Novak Djokovic is looking to make history Sunday at Wimbledon. Matteo Berrettini is looking to make a name for himself by denying it.
It's no surprise that Djokovic has made it to the men's singles final at Wimbledon, where he's a five-time champion on the grass courts. He'll arrive at Centre Court for Sunday's match with an opportunity to win his 20th career Grand Slam title, which would tie Roger Federer and Rafael Nadal for the most in men's singles history.
However, it is a bit surprising that Djokovic's opponent will be Berrettini, who has never previously made it past the semifinals at a major tournament. The 25-year-old Italian had also never advanced further than the fourth round in two previous appearances at Wimbledon.
Djokovic is the favorite to win, considering he's already won the first two Grand Slam events of 2021 (the Australian Open and the French Open). But maybe Berrettini is capable of pulling off an upset.
Here's everything else you need to know heading into Sunday's match.
Men's Singles Final Information
Date: Sunday, July 11
Start Time: 9 a.m. ET
Live Stream: ESPN app
This won't be the first time that Djokovic and Berrettini will face off. In fact, it's only been a little more than a month since the last time the two men played against each other.
On June 9, Djokovic defeated Berrettini in four sets in the quarterfinals of the French Open, notching a 6-3, 6-2, 6-7(5), 7-5 victory. Djokovic improved to 2-0 in his career against Berrettini, then went on to win his second French Open title.
Considering Berrettini has never made it to this stage before, it would be easy to see how he could be pleased with his performance, whether he wins or loses on Sunday. If he falls short, it at least happened because he was going up against one of the all-time greats.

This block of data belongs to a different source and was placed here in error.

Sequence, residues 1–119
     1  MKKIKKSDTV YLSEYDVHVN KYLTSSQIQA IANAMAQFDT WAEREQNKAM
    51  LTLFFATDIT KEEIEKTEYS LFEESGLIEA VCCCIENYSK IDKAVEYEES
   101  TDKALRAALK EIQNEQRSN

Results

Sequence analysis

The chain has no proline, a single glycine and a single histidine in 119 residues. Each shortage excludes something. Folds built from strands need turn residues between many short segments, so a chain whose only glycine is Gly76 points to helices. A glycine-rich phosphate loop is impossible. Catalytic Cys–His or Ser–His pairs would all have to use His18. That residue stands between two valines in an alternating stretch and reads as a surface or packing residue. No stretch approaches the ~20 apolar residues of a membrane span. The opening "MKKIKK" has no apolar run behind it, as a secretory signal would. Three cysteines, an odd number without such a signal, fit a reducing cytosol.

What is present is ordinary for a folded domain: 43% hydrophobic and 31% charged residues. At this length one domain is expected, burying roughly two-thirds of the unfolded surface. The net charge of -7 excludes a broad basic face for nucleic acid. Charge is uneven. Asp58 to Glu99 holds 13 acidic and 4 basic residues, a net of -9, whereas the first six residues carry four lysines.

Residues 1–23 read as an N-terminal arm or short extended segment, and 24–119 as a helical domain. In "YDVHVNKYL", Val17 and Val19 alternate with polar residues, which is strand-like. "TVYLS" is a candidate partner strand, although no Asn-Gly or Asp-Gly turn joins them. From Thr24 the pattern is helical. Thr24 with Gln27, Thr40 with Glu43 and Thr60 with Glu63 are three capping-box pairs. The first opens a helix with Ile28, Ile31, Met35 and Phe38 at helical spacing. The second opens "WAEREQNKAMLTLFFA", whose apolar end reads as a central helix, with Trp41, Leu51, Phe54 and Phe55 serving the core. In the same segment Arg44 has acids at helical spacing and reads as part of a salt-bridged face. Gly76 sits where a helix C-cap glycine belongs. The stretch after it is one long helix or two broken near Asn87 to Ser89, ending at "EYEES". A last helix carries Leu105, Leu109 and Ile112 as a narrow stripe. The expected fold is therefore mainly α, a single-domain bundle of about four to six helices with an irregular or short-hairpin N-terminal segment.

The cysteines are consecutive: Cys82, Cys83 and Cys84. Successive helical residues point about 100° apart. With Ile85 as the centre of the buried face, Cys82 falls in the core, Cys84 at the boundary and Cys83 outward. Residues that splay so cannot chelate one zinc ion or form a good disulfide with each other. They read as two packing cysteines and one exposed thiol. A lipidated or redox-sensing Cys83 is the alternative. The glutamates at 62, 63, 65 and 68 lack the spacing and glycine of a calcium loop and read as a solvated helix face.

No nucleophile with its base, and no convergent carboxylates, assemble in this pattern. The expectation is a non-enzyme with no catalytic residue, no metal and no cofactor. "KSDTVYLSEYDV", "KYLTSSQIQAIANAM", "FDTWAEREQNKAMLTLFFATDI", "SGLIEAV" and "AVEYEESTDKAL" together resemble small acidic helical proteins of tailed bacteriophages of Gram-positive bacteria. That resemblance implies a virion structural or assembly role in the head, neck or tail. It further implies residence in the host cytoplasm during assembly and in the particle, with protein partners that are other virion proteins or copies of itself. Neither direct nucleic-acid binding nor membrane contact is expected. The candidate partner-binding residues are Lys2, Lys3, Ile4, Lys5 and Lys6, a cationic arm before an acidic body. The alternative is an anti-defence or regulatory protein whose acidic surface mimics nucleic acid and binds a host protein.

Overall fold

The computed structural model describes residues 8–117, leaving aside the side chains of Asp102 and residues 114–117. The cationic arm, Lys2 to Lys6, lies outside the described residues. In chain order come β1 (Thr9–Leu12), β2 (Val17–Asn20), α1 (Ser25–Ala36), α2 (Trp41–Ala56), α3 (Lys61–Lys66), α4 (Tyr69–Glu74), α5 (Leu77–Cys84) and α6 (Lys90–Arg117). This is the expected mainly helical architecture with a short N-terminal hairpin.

However, Berrettini isn't looking at it like that. He wants to pull off the upset.
"My hope for Sunday is to try to go on the court with my head held high, play my game and see what happens," Berrettini said, per Howard Fendrich of the Associated Press. "I don't want to think that it's already a win just to be there, that I can be satisfied with that, because that's not what I'm made of. I always want more."
Regardless, Berrettini has already made history by becoming the first Italian to reach the Wimbledon final. He's won each of his first six matches in either three or four sets, including his past two victories against No. 16-seeded Felix Auger-Aliassime and No. 14-seeded Hubert Hurkacz.
Djokovic has been a bit more dominant the past two weeks, as most would have expected. He's dropped only one set over his first six matches, and that was the first set of his opening-round match against Jack Draper.
Knowing that he's on the cusp of history, Djokovic remains locked in and ready to keep playing his best.
"I know about a lot of stats. I don't know about all of them. But they do motivate me even more to play my best tennis at the events that count the most in our sport," Djokovic said, per ESPN's Tom Hamilton.
Not only would Djokovic tie Federer and Nadal's all-time record with a win on Sunday, but he would continue his quest for a Golden Slam, which is achieved by winning all four majors and an Olympic gold medal. No man has ever accomplished that in a calendar year, and Steffi Graf is the only woman to have done it.
But with the way Djokovic has been playing of late, he may just get it done in 2021.